Rhizomatous & Tuberous Plants:
The genera for which this guide was prepared are those such as rhizomatous Achimenes, Seemannia, Eucodonia, as well as many of the tuberous Begonias, such as B. taliensis, B. henryi, B. sutherlandii, etc.
When the time is right
Unbelievably beautiful when growing and flowering, but for these seasonal growers there will come a time (typically fall to early winter) when their outward appearance will noticeably decline. Foliage will look tired, start to yellow and shrivel and eventually the stems will die back.
This is not a time to mourn for they are not lost. It is, however, a time to consciously cut back on watering. Do not immediately halt watering as you need need to let them go dormant at their own pace. It is in this time that they are actively transferring energy back down and into their resting rhizomes & tubers. If you prefer, one can even carefully and occasionally lift the root ball from a pot or two to help you determine their underground progress.
To Clean Or Not To Clean
Once they have more or less completed growth (tops have died back, rhizomes more or less fully formed), your next step is somewhat a matter of personal choice. Some growers simply cut off and discard the above-ground remnants, storing the totally dried-off pots (medium and all) intact for the winter.
Other growers, like myself, prefer to totally unpot and "clean" the rhizomes. Cleaning them prior to storage allows one to fully determine the condition of the rhizomes (thus assessing the quality of culture provided in the past season), the qty of reproduction, ensures that the rhizomes are really truly dry, as well as reducing the amount of storage space needed.
"Cleaning" them entails carefully pulling apart and sifting through the potting medium to locate the fresh new rhizomes / tubers. Note: On the segmented rhizomes of certain Gesneriads, the little rhizomes are often quite brittle and it is common to break some in the process of handling. Do not fear, each piece will typically generate new growth in the coming season.
Depending upon the culture received, as well as the quality of the growing season (some summer's are just better than others), the qty of new rhizomes/tubers produced can vary. Also, some cultivars are just better/stronger growers than others and thus tend to multiply faster. Either way, cleaning them allows one to better see what's been going on and how they've been multiplying.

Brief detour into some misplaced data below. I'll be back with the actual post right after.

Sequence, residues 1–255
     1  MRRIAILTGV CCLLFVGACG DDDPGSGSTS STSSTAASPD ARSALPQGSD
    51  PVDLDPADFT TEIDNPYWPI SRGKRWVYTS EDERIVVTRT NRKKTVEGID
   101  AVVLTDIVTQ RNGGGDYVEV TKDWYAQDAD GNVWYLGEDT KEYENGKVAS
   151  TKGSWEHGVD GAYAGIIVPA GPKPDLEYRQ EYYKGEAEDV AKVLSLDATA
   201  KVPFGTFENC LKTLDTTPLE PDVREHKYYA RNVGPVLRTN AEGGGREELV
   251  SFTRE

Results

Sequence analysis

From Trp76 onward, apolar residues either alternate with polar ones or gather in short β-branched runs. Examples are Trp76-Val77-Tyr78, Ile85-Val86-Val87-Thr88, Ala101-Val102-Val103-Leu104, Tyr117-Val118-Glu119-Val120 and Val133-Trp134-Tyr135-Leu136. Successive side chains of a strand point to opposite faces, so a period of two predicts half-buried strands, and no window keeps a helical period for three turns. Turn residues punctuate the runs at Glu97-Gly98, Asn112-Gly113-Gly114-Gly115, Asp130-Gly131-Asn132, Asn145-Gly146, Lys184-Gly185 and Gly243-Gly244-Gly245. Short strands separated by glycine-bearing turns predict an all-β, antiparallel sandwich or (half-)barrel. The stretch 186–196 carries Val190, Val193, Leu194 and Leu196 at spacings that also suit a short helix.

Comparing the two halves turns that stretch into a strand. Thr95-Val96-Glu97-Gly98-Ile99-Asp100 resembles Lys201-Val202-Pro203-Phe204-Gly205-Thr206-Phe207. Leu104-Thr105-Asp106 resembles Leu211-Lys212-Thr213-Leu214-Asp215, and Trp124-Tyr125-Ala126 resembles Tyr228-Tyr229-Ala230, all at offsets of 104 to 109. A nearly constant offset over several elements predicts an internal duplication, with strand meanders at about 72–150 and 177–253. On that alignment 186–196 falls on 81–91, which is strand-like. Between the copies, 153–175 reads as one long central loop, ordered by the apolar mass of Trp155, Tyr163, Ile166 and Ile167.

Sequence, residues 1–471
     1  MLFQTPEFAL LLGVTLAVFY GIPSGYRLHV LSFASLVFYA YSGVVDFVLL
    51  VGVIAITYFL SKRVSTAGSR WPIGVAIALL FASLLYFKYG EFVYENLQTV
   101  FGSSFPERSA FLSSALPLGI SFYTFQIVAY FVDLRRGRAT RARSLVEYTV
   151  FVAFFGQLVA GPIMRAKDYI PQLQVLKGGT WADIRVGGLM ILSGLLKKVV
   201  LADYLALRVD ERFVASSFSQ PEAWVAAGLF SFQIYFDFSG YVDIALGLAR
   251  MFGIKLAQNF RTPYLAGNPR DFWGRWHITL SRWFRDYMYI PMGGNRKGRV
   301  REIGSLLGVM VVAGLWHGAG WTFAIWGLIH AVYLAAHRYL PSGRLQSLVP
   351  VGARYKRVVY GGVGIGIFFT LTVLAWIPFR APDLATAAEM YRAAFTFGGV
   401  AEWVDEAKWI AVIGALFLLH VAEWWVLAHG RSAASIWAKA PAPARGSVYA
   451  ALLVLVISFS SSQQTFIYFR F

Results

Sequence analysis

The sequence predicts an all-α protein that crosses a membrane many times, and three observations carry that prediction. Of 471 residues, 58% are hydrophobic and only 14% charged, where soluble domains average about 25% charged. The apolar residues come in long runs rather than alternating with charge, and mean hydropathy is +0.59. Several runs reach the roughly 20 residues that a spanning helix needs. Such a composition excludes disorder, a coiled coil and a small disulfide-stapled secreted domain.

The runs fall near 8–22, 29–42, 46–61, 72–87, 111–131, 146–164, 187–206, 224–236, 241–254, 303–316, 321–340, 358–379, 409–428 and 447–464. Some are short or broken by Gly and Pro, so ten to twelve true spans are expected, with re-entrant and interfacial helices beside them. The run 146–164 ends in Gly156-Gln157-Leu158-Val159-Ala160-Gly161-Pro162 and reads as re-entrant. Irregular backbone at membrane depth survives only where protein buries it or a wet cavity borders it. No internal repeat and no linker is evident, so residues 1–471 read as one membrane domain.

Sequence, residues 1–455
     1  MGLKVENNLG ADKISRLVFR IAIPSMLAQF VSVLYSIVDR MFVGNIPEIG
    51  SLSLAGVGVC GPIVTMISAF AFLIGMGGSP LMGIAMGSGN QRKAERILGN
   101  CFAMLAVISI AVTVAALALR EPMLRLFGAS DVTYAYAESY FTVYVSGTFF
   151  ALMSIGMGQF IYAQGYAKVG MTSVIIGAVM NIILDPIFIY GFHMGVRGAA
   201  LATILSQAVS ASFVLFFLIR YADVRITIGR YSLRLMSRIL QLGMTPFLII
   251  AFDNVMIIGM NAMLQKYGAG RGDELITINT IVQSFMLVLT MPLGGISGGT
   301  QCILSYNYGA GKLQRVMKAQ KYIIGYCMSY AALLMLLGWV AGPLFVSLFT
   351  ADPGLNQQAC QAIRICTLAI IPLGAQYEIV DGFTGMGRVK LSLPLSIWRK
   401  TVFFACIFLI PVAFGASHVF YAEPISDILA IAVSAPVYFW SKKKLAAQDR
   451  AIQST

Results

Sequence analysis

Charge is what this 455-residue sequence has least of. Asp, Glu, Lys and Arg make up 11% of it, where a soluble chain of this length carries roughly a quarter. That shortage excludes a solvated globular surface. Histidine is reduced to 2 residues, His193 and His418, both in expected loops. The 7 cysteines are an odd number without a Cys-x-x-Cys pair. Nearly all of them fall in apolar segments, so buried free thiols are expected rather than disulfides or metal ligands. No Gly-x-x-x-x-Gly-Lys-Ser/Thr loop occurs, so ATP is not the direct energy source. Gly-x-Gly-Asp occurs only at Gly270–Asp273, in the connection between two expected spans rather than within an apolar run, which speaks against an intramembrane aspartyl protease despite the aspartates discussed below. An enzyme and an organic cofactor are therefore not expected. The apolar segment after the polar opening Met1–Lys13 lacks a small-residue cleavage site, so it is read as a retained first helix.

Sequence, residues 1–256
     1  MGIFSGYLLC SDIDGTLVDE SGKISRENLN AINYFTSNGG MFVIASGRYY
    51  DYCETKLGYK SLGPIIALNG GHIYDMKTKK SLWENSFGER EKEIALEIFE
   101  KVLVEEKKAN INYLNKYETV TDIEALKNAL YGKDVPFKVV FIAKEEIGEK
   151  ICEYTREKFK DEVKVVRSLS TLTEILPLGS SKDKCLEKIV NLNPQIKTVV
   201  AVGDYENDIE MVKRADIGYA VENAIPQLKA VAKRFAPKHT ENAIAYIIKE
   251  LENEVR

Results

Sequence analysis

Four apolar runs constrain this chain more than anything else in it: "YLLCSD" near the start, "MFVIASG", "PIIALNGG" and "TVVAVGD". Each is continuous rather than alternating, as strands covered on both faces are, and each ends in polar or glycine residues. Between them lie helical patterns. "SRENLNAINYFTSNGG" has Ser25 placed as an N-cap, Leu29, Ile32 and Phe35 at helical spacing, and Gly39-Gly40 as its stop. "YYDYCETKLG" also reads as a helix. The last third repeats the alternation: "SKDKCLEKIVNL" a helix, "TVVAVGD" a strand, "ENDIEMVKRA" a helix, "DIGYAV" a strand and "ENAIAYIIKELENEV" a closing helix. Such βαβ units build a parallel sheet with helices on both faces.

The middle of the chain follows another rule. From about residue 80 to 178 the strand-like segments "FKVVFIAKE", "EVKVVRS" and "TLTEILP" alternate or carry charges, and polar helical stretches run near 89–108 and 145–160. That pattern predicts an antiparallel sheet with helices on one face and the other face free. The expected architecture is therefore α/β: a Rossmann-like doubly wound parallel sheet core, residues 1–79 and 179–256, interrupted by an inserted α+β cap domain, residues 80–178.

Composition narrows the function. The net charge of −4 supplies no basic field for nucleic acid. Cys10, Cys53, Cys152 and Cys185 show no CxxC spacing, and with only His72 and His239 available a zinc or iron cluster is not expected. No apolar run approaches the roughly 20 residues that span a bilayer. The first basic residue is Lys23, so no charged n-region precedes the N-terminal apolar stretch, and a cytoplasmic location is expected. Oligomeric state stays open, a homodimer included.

Whether you clean before storing, or not, is your choice. However, if you elect to store pot-and-all, keep in mind that most growers will find that their plants perform better when given fresh potting media each season.
For storing things "pot and all", the entire container (now completely dry) should be bagged so as to prevent further to total desiccation. Most bulbs will shrivel in a prolonged exposure to low humidity. However, storing numerous pots of soil often presents a space issue, so....
For Tubers & Rhizomes that have been cleaned, I leave them uncovered on an open counter at least overnight. Some of the bigger Begonia tubers are hard to completely clean. This is okay too - we just leave them to air-dry for several days, or until there is no surface moisture evident.
At this point, I place the cleaned and dried tubers / rhizomes, along with a tablespoon or so of bone-dry peat moss or vermiculite (mostly for cushioning), into small zip-loc baggies. I then add a small amount of "Copper Fungicide" (or other "bulb dust" type fungicide) to each bag, seal it, and shake lightly to distribute evenly.
Be sure to label the bags! Nothing is more annoying than to take a bag out of storage in spring only to find it didnt get labeled!
What's At Rest Should Stay At Rest
Newton may not have been thinking about plants but his first law can apply here too! Once we have them resting they should stay that way until the time is right and we're ready to act upon.
Therefore, once things are bagged, and to keep them resting and dormant, they should be kept cool. If the temps are routinely above 55F, many plants will start into growth early. To prevent this, keep them at or below 50F, but well above freezing. If you live in the north country, a very cool windowsill, basement, or other such location might suffice. However, for those without a naturally or reliably cool spot, one can resort to refrigeration. I currently use a small dorm-style refrigerator that i devote to storing resting plants. I set it to the "warmest" refrigerator setting it has (which maintains around 48-50F). In the past I have also used the vegetable "crisper" bin of a household refrigerator for storing them. It's probably cooler than needed, but I've found that even cold-sensitive genera like Achimenes do not mind a few weeks/months in such cold storage as long as they are prepped as described before going in.
How Long Do They Rest?
My mantra is usually to keep them resting until our days get long enough so that there is sufficient warmth and light to have them sprout and grow sturdily. If they start into growth too soon (meaning they've not been kept cool enough), then a lack of sunlight and/or not enough warm weather at that time of year can lead to spindly or weak plants and possibly even result in a premature dormancy during the coming summer. If kept reliably cool enough, they will stay dormant for quite some time. However, if other means of storing them are used, then one should visually inspect them every few weeks for signs of initiated new growth.
When the weather in your area has warmed and is once again suitable for growing (for me this is April-May-June in the greenhouse), then one can re-plant them. Start them off slowly with hardly any water - which you can increase once the new sprouts appear.